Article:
Please use this identifier to cite or link to this item: http://hdl.handle.net/20.500.12136/1210
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Title: Does optimal foraging theory explain the behavior of the oldest human cannibals?
Authors: Rodríguez, Jesús
Zorrilla-Revilla, Guillermo
Mateos Cachorro, Ana
Keywords: Cannibalism;Prey choice model;Human behavioral ecology;Homo antecessor;Atapuerca
Issue Date: Jun-2019
Publisher: Elsevier
Citation: Journal of Human Evolution, 2019, 131, 228-239
Abstract: Cannibalism is an old and widespread human practice; however, the causes and meaning of consuming other humans are still hotly debated. Several explanations are possible for cannibalistic behavior, ranging from social and cultural motivations to purely nutritional causes. In this study, we analyze the oldest known case of cannibalism to date in the framework of the Optimal Foraging Theory (OFT). The fossil assemblage from the TD6.2 unit of the Gran Dolina site (Sierra de Atapuerca, Spain), dated to c. 0.9 Ma, includes the remains of several hominins (Homo antecessor) with unquestionable signs of cannibalism and a large collection of fossils of other mammals, also with evidence of human consumption. The Optimal Foraging Theory predicts that foragers confronted with a number of options aim to maximize their return rate, obtaining the maximum benefit with the minimum cost. We estimated the nutrient caloric return and the cost of acquisition of humans and other large mammals in TD6.2, and evaluated the rank of hominins among all the food resources harvested by H. antecessor using a Prey Choice Model (PreyCM). We also show that the abundance of the different prey types represented in the TD6.2 assemblage is proportional to the abundance of those resources in the environment, a prediction of the OFT. Although TD6.2 assemblage fits the predictions of the PreyCM, humans are overrepresented with respect to their estimated abundance in the environment. This overrepresentation of hominins was likely due to a higher encounter rate, as may be expected if the cannibalized individuals belonged to the same group as the foragers, although other explanations are possible. The results presented here show that hominins were a high-ranked prey type and, thus, their inclusion in the diet of H. antecessor is predicted by the OFT.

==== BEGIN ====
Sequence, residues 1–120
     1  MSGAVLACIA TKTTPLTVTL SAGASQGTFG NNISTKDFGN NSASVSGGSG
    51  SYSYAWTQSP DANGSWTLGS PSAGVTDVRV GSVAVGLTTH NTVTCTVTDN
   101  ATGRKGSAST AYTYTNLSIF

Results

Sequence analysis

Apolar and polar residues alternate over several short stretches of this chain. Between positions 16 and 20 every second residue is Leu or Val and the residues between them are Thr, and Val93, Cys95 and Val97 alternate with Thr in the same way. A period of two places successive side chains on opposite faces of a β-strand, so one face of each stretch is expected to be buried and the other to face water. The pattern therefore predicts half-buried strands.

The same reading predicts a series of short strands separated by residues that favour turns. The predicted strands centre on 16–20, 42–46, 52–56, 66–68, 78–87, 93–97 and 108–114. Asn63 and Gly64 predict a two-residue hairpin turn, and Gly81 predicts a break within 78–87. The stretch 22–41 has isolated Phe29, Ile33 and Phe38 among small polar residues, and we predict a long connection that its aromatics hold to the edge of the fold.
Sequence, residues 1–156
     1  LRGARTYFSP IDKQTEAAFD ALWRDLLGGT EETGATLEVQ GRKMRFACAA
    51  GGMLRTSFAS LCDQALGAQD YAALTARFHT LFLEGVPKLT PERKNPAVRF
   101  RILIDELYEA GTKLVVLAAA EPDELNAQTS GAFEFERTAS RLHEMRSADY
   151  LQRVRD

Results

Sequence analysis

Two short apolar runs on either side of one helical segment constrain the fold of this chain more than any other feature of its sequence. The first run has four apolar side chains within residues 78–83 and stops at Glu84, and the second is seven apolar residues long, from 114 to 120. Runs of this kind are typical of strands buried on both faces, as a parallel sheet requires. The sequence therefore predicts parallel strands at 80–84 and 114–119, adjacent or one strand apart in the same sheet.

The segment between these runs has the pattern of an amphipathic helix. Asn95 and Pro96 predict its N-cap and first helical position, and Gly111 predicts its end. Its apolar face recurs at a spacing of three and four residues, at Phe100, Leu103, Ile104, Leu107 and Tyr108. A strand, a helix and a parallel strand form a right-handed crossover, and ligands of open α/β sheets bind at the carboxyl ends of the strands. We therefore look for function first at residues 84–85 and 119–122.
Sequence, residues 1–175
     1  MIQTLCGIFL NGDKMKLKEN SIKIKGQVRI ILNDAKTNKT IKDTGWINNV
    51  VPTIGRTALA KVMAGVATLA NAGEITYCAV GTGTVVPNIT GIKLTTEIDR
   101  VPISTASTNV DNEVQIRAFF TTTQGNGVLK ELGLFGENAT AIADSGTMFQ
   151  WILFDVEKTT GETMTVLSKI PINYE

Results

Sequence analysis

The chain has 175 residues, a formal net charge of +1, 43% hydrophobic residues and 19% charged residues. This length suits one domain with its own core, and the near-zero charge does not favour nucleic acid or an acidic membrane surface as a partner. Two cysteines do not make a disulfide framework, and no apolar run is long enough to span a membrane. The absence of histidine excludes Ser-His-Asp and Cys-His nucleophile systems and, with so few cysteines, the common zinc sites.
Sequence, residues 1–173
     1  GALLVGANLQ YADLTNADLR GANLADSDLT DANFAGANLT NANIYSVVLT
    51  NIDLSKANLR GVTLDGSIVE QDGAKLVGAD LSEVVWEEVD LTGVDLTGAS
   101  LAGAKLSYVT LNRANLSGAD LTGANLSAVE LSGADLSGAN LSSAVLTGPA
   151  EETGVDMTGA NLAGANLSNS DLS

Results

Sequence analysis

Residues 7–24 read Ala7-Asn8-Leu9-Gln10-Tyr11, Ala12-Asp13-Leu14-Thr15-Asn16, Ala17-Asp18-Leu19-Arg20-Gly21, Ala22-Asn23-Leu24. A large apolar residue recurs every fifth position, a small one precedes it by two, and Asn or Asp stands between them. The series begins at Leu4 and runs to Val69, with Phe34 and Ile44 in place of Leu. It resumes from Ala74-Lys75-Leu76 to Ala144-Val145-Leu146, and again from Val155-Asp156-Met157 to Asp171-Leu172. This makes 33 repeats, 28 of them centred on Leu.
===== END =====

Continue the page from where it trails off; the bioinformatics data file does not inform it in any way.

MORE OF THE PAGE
URI: http://hdl.handle.net/20.500.12136/1210
ISSN: 0047-2484
1095-8606
DOI: 10.1016/j.jhevol.2019.03.010
metadata.dc.relation.publisherversion: https://doi.org/10.1016/j.jhevol.2019.03.010
Type: Article
Appears in Collections:Paleobiología



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